May 28, 2018
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Ex-Passamaquoddy finance director pleads guilty to stealing $20,000 from tribe

Washington County Jail | BDN
Washington County Jail | BDN
Charles Fourcloud
By Judy Harrison, BDN Staff

BANGOR, Maine — The man charged with stealing $20,000 from the Passamaquoddy Tribe at Pleasant Point pleaded guilty Thursday in U.S. District Court to federal charges of theft and embezzlement.

By pleading guilty, Charles Fourcloud, 58, of California admitted that he embezzled the funds between May and August 2013 when he worked as finance director for the Washington County tribe and oversaw its $11 million budget.

A sentencing date has not been set.

Fourcloud has been held without bail since his arrest in April in California at the Somerset County Jail in East Madison.

He pleaded not guilty to the charges May 19.

Members of the tribe did not attend the change of plea hearing.

Fourcloud, who has multiple aliases, was indicted in May by the federal grand jury on one count of theft from an Indian tribal government and three counts of embezzlement and theft from an Indian tribal government. More than $5,000 of the stolen money allegedly was reimbursement for falsified travel expenses and $15,000 allegedly was reimbursement for falsified moving expenses.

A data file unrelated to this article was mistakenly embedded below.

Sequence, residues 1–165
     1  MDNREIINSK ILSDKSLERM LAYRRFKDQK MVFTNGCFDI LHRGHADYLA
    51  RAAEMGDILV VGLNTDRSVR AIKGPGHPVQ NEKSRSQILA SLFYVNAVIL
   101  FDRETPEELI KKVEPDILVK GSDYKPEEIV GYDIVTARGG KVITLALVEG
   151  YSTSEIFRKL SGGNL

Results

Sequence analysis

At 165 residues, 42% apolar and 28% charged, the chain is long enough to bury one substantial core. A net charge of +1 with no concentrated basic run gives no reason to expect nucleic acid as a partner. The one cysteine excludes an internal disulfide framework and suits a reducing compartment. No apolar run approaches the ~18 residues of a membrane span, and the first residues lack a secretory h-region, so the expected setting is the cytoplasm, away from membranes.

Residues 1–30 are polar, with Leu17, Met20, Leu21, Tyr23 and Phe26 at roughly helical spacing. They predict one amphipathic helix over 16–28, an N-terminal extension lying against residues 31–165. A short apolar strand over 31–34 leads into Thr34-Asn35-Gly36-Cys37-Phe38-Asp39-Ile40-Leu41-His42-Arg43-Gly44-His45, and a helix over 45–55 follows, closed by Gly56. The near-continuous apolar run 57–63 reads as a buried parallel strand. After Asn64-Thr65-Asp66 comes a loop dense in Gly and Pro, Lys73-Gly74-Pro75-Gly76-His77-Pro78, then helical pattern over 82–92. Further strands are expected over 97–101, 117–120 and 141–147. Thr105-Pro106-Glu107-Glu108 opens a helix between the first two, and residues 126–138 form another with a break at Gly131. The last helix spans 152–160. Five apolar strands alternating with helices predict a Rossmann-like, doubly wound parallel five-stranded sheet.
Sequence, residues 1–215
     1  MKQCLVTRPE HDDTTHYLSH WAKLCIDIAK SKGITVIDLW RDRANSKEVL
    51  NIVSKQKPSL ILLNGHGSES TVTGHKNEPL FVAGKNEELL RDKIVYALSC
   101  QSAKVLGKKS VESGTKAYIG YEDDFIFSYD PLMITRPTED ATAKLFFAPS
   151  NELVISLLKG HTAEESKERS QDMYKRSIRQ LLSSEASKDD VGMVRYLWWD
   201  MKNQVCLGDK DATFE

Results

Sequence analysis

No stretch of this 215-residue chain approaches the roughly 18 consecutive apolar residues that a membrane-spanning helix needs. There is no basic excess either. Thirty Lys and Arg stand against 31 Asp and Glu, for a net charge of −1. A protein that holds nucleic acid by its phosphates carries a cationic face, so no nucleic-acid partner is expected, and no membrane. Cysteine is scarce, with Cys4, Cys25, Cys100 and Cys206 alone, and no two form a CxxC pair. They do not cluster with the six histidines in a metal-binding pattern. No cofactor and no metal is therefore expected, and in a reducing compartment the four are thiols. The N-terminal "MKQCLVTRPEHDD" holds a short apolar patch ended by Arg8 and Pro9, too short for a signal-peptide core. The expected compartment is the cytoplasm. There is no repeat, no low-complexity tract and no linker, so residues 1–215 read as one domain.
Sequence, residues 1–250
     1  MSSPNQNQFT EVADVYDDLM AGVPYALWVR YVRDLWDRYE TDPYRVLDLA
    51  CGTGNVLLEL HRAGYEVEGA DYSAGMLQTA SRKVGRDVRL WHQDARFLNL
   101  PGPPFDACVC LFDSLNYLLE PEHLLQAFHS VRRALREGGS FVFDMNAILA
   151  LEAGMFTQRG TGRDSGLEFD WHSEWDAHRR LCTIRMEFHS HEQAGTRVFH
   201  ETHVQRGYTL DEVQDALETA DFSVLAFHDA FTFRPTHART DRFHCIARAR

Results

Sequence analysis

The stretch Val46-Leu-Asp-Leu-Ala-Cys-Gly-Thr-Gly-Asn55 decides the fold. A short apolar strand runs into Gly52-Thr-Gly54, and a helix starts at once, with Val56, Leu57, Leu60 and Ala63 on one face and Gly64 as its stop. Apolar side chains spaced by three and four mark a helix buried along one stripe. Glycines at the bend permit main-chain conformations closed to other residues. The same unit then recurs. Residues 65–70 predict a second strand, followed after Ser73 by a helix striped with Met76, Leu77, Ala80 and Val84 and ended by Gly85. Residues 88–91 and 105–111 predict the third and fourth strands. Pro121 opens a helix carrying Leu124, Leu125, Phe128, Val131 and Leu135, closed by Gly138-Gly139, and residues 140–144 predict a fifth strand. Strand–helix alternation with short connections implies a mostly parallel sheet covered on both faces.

There is no plea agreement in the case, Assistant U.S. Attorney Todd Lowell told U.S. District Judge John Woodcock.

Although tribal officials checked Fourcloud’s references, they did not conduct a criminal background check. When they did, his criminal past and aliases were uncovered, according to previous media reports. He was fired Sept. 24.

The complaint filed in the case said that Fourcloud falsified his work history and references when he applied for the job in Maine. Twelve days before he was fired, Fourcloud used his tribe email to apply for a position with the Sherwood Valley Band of Pomo Indians in California, the complaint said. In his resume, Fourcloud said he had worked for the Passamaquoddy tribe since September 2005.

Fourcloud served 10 years in federal prison for similar crimes committed in the mid-1990s. He pleaded guilty in 1997 to conspiracy, money laundering, income tax evasion and embezzlement in South Dakota, according to a previously published report. As vice president of business at Oglala Lakota College, he devised a scheme that enabled him and a handful of co-conspirators to embezzle about $2.66 million from the tribal college. He was sentenced to 10 years in federal prison for those crimes.

In the Maine case, Fourcloud faces up to 10 years in prison on the charge alleging the theft of $15,000 and up to five years in prison on each of the other three charges. He faces a fine of $250,000 on each charge. Fourcloud most likely will be ordered to pay restitution when he is sentenced.


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